Whoever originated the quote about wishing he was as sure of anything as someone else was about everything would feel rather isolated if he sifted through the reaction to the opening stages of the All-Ireland hurling championships.
Only 12 games have been played so far, six of which were in the Leinster round robin, territory unlikely to be represented in the latter stages of the championship. That leaves six other games, some of which featured some genuine contenders.
Naturally, they have attracted the biggest interest and, indeed, the most sweeping generalisations, where superficial judgments depict all winners as heroes and all losers as, well, losers.
Since the commenting classes have been swollen enormously by an influx of former players and managers over the last decade, you might expect a different take on events.
It ain't necessarily so. Just as you don't need to be a cow to know the difference between cream and milk, you don't need to have a pocketful of medals to understand sport.
And when you read and listen to comments from some of those who are supposed to bring an illuminating insight through their personal experience, you quickly learn that spoofing thrives in the land of punditry.
Derek McGrath would be well advised to remember that. He has been anointed as a genius after rebooting Waterford so successfully this year that they won the Allianz League title and booked a place in the Munster final.
It's a fine achievement, for which he deserves the highest praise, but how many of the expert classes predicted it last February? Indeed, there were plenty of takers for the view that he had taken too many scalpels to Operation Waterford. Now, he can't put a foot wrong. So which is it?
McGrath has been a welcome addition to the management game, talking openly about an exciting adventure that has invigorated Waterford. He even blamed himself for the slow start against Cork on Sunday, explaining that playing a video of a message from the injured Pauric Mahony on the team bus before the game might have overcooked the emotion dish and drained the players early on.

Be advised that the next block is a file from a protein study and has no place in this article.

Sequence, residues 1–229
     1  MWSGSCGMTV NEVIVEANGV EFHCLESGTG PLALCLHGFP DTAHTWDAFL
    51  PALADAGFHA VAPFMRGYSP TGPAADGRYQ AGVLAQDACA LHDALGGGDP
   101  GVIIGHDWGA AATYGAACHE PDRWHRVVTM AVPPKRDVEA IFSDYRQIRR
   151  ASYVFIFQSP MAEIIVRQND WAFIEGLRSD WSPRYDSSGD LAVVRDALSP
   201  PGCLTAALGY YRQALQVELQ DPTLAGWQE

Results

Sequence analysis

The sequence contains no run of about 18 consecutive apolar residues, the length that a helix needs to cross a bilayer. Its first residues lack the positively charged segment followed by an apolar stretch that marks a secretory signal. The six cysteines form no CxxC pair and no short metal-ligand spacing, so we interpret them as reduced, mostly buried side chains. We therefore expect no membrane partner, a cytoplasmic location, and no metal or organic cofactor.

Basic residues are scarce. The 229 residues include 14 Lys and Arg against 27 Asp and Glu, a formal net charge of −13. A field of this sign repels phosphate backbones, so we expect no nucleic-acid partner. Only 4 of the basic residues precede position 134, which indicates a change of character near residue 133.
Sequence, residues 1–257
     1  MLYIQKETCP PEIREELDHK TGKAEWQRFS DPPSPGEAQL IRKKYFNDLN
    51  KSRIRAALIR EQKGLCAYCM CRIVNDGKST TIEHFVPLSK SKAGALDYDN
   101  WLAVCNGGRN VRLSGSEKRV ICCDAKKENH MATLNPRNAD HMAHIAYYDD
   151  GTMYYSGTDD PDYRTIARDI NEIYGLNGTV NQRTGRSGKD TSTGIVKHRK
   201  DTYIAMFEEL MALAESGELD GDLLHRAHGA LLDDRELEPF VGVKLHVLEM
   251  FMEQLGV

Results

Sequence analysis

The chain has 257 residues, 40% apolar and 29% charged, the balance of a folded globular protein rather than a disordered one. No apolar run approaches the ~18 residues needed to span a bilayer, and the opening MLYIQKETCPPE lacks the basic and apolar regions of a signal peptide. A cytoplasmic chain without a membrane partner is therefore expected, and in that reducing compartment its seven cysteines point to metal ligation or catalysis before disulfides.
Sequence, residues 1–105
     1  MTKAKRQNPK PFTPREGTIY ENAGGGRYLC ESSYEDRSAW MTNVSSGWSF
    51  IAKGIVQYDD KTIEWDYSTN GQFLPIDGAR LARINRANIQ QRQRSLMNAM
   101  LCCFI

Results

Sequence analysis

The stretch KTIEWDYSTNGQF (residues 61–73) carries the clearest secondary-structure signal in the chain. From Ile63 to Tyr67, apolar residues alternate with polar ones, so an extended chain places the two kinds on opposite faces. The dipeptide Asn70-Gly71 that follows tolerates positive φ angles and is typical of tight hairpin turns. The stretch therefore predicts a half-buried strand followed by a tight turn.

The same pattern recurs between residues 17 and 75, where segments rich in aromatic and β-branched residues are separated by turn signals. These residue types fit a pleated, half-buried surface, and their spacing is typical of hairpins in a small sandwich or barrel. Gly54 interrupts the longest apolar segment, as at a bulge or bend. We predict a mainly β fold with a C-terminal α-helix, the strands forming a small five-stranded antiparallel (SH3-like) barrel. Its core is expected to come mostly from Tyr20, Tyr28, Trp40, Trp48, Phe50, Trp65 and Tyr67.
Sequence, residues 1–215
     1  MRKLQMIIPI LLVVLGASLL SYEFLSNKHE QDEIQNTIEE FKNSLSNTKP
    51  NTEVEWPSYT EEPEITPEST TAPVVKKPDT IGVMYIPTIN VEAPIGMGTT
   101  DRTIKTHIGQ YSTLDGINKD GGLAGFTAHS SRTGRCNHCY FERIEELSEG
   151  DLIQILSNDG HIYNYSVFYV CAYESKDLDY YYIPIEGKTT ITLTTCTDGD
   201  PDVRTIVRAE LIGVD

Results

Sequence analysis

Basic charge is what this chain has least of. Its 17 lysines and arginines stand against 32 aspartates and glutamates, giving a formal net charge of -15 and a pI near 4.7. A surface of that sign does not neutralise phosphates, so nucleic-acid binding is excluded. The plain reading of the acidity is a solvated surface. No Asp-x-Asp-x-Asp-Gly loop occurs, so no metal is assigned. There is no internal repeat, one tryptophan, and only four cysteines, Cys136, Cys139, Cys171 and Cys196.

Now, if Waterford lost and McGrath made similar comments, he would have been described as naive and patronised about it being part of the learning process. Instead, Waterford won so it's a case of winner alright. Meanwhile, Jimmy Barry-Murphy is back in territory he knows quite well, listening to remarks about how Cork are a beaten docket.
There were plenty of those about too at the start of the 2013 championship and later when Cork lost the Munster final to Limerick Yet, Cork later came within seconds of winning the All-Ireland final.
The issue here is: if Waterford were so good and Cork so awful, how come only two points separated the teams in stoppage time last Sunday? McGrath's systems and selections have been eulogised since then, while JBM's have been slated. And yet, there was little enough between the teams at the end.
Then, there's the case of Davy Fitzgerald and Clare. They lost to Limerick by a point, scarcely a grand failure against opposition that won the 2013 Munster title and ran Kilkenny to two points in last year's All-Ireland semi-final.